Twinkle Twinkle Little Star English

Brille, brille, petite étoile French
お空の星よ (osora no hoshiyo) Japanese
En el cielo y en el mar, Spanish
He tai mana to rite Maori
Funkel, funkel, kleiner Stern German
Ako namamangha kung ano ikaw! Phillipino

I also stumbled across this Australian variation of Twinkle Twinkle:

Twinkle, twinkle little star,
Daddy drives a rotten car.
Press the button, pull the choke,
Off we go in a cloud of smoke.
Twinkle, twinkle little star,
Daddy drives a rotten car.

Source: Far Out Brussel Sprout. compiled by June Factor illustrated by Peter Viska Oxford University Press, 1983.

So this Harmony Day, I encourage you to think about how you can support inclusiveness, respect and a sense of belonging for everyone. To achieve this, we each need to get out of our own backyards and start venturing further afield. Take some risks and start talking to people who might take you out of your comfort zone. If you have a dog, you already know that you meet all sorts walking your dog and if you don’t have a dog, go and borrow one and hit the streets. You never know who you might meet. As the song said many years ago: “it only takes a spark, to get a fire going.”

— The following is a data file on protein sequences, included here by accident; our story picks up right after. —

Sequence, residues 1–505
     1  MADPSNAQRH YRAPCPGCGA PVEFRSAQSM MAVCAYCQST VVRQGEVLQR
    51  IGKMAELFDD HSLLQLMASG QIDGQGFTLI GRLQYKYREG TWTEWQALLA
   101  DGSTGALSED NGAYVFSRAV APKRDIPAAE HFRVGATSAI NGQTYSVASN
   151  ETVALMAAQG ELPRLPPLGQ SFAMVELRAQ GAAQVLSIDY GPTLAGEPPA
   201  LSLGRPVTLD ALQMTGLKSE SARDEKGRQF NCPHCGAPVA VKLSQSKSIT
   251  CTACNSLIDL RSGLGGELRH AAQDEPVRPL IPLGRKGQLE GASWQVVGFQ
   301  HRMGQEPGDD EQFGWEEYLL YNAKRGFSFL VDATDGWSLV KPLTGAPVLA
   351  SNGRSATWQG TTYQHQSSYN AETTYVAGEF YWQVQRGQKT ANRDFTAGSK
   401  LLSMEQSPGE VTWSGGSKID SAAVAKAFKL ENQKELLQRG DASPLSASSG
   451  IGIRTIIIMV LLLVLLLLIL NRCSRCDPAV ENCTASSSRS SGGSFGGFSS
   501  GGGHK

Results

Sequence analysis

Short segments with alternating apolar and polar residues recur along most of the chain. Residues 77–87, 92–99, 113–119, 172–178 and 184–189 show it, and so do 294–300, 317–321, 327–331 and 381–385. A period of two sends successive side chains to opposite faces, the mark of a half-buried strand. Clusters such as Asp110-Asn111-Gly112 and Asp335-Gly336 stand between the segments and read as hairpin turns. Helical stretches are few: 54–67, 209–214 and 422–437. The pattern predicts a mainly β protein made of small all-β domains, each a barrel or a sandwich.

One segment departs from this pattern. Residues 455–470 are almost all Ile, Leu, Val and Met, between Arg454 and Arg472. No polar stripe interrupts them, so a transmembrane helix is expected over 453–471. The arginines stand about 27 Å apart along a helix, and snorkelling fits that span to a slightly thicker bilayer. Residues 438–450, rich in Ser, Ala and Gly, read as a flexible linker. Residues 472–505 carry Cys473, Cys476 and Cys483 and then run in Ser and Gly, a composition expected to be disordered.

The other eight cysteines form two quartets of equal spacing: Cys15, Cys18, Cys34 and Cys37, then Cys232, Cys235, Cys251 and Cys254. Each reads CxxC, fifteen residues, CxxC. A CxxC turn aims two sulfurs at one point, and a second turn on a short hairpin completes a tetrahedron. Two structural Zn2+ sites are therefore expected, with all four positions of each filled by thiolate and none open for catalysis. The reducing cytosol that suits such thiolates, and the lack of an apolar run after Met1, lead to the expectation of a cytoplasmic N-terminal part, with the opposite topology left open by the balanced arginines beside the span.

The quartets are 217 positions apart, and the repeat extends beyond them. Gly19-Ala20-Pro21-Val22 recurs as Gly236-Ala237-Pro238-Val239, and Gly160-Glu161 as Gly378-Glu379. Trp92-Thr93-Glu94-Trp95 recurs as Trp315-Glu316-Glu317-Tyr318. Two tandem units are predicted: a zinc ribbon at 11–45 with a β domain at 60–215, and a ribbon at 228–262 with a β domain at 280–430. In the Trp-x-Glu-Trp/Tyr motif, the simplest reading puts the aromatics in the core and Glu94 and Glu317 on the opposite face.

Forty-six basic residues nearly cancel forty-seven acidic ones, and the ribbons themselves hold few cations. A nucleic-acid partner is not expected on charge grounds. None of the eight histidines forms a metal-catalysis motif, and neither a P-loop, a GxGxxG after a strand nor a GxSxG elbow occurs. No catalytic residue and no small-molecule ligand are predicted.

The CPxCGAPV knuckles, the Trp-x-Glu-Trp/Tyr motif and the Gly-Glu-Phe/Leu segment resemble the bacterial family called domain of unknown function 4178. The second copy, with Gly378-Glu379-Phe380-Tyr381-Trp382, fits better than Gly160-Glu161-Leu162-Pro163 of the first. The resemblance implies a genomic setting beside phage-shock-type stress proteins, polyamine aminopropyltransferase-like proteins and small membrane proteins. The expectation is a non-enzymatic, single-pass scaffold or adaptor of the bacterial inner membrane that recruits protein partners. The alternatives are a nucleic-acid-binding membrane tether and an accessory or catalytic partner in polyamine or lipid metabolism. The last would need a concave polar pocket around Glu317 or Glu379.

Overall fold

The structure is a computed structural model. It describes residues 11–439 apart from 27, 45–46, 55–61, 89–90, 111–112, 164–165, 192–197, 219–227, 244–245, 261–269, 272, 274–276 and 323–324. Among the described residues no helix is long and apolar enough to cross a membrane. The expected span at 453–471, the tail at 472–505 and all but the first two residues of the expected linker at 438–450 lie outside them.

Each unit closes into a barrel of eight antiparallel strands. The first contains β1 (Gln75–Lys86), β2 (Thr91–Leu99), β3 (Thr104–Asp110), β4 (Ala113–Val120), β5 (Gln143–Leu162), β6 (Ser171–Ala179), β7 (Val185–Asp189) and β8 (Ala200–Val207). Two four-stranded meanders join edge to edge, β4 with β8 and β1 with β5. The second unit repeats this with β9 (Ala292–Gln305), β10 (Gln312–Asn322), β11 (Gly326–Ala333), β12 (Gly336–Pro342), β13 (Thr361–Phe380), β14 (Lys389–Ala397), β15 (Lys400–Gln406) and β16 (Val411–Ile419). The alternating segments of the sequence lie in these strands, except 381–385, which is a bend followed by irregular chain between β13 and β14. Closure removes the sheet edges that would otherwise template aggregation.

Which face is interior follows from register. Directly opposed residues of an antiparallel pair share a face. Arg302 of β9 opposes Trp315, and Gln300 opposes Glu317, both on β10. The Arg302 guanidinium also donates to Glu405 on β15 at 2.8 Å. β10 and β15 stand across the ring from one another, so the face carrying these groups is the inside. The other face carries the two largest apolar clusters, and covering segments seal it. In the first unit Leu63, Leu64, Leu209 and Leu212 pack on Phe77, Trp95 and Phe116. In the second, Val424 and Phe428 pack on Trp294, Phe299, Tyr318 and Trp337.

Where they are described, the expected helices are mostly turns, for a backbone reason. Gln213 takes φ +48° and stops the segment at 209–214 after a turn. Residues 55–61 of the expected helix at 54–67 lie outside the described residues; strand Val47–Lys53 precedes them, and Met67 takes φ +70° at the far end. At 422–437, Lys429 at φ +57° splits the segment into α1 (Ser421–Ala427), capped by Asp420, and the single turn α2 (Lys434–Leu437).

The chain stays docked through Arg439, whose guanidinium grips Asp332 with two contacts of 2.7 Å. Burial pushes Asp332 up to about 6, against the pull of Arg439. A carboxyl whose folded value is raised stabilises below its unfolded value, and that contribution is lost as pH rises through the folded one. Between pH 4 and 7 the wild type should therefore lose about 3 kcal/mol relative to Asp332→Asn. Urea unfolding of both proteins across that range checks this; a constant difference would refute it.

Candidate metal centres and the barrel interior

I’m not only daring you. I’m also challenge myself.This is not an easy mission at all but nothing worth fighting for ever was.

By the way, a month ago, I was involved in a world-wide blogging movement to promote compassion…#1000 Speak. This month, we are writing about bullying. This is my contribution to the project. I thought Harmony Day was a good example of how we as the Australian community have decided to stand up against a range of bullying which stems from intolerance of difference in others.